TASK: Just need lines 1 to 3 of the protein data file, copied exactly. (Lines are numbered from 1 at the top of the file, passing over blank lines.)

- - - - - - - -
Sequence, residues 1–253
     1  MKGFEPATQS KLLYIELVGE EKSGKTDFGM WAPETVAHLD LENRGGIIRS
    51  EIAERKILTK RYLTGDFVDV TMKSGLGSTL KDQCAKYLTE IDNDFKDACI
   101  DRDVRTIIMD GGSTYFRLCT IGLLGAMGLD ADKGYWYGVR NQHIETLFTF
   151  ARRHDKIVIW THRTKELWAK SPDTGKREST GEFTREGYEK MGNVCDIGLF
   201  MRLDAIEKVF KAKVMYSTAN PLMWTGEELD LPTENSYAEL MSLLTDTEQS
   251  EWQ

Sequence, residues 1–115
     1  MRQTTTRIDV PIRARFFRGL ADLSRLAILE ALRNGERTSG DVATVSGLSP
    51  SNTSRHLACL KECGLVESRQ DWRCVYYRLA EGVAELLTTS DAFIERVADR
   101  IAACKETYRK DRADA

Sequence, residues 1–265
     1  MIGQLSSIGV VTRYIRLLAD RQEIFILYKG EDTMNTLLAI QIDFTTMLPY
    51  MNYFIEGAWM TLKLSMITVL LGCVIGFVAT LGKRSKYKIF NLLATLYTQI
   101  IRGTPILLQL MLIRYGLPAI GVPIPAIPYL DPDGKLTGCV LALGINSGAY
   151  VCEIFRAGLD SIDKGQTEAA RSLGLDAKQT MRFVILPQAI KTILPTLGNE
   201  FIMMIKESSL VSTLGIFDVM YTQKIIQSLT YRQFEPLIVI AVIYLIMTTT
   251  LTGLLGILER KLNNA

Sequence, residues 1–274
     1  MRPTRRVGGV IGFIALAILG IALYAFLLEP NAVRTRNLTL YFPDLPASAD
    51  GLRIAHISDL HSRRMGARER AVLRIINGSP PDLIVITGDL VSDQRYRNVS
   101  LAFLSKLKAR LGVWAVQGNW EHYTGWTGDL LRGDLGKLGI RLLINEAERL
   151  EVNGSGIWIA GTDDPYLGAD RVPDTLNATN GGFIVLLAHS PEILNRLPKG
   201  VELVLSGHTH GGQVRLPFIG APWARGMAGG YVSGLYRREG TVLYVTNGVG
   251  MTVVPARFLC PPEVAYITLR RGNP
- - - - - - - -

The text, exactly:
Sequence, residues 1–253
     1  MKGFEPATQS KLLYIELVGE EKSGKTDFGM WAPETVAHLD LENRGGIIRS
    51  EIAERKILTK RYLTGDFVDV TMKSGLGSTL KDQCAKYLTE IDNDFKDACI